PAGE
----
My only previous experience with reading Hijuelos was The Mambo Kings Play Songs of Love, which really is a fine novel, with a powerful sense of pathos for this aging musician, drunkenly reliving his past.
This month, Gotham Books released Oscar Hijuelos’s new memoir Thoughts Without Cigarettes, which tells his story growing up as an immigrant in the 1950’s and 1960’s.
Hijuelos grew up in a small apartment in a rough, ethnically diverse Morningside Heights neighborhood. After falling ill following a trip to Cuba to visit his mother’s family, Oscar finds himself for a year in a children’s convalescence hospital, separated from his family, his native language Spanish, and ultimately his heritage that creates a lifelong crack in his identity. As Oscar grows, he finds himself between two worlds: the vibrant and sometimes volatile, Spanish-speaking home he grew up in, where he no longer speaks the language, and the outside world, where his blonde hair and light coloring disguise his Latino background but his toughness and inferior education distinguish him from the Columbia students and other privileged people who cross his path.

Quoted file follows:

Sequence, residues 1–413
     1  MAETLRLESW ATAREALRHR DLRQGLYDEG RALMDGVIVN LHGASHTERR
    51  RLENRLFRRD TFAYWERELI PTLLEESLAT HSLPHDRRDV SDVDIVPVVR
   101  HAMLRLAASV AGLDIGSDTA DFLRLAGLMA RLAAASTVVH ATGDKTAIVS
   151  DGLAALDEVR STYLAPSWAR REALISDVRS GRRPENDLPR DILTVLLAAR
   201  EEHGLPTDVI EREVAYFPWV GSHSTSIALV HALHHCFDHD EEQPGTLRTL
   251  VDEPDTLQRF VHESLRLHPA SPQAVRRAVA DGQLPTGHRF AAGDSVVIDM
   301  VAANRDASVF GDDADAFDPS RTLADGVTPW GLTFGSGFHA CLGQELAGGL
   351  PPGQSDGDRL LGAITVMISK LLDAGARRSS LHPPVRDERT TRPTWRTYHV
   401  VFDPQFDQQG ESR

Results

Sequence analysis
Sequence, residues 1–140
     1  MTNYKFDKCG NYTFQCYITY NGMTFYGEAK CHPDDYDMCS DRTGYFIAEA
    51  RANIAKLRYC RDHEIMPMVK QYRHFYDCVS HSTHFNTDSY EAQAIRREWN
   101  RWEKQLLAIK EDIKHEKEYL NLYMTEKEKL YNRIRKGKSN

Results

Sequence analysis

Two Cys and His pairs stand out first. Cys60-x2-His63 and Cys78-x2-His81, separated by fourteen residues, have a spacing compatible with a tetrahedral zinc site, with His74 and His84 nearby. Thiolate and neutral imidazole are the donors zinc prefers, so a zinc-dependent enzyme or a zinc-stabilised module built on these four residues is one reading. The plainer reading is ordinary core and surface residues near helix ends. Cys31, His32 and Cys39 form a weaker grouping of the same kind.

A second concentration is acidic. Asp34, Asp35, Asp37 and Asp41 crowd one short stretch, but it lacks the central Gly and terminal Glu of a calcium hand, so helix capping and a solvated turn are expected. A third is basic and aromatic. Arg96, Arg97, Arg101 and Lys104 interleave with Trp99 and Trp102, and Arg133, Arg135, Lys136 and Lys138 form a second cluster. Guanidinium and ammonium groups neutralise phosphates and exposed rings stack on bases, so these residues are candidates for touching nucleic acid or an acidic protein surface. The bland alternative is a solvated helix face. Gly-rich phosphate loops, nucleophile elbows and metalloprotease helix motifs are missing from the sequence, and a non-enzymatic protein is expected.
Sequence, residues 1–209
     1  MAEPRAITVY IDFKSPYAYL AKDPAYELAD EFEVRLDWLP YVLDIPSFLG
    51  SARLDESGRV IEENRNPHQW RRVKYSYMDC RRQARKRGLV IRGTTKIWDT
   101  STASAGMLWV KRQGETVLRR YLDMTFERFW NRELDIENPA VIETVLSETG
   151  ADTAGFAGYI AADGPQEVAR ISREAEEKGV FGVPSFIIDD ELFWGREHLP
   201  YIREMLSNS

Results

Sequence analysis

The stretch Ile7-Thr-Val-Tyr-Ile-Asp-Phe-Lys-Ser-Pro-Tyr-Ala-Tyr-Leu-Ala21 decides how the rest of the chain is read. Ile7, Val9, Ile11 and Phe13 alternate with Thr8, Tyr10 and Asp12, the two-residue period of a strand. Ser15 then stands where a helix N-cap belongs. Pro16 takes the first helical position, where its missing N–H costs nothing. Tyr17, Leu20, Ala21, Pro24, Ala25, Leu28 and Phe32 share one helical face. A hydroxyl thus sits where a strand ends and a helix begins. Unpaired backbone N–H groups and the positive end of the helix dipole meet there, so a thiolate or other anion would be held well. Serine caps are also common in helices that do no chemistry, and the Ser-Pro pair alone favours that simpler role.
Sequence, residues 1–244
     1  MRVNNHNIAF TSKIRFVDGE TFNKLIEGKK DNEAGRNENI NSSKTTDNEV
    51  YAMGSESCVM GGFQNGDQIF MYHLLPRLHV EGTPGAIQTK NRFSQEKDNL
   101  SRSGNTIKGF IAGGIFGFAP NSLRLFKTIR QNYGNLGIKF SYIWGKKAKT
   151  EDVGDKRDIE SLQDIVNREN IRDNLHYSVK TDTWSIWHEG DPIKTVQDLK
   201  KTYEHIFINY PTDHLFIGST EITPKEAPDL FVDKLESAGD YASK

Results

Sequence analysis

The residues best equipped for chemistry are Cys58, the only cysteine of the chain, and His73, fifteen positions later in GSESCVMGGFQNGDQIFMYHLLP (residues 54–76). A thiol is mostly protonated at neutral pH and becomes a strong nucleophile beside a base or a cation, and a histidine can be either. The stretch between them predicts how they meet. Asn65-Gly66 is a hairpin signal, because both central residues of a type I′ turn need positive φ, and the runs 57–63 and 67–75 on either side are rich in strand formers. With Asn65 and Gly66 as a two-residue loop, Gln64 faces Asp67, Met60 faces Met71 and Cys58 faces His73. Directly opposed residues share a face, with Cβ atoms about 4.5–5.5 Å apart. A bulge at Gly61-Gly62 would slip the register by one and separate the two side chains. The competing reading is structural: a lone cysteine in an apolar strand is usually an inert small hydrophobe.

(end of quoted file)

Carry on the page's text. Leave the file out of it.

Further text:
Gotham Books has offered a copy of Thoughts Without Cigarettes to 3G1B to give to one of our readers. I’ll select the winner at random from the comments below. To enter, name a great book in which Cuba plays a prominent role.
I’ll start with Harlot’s Ghost by Norman Mailer for the great Bay of Pigs section.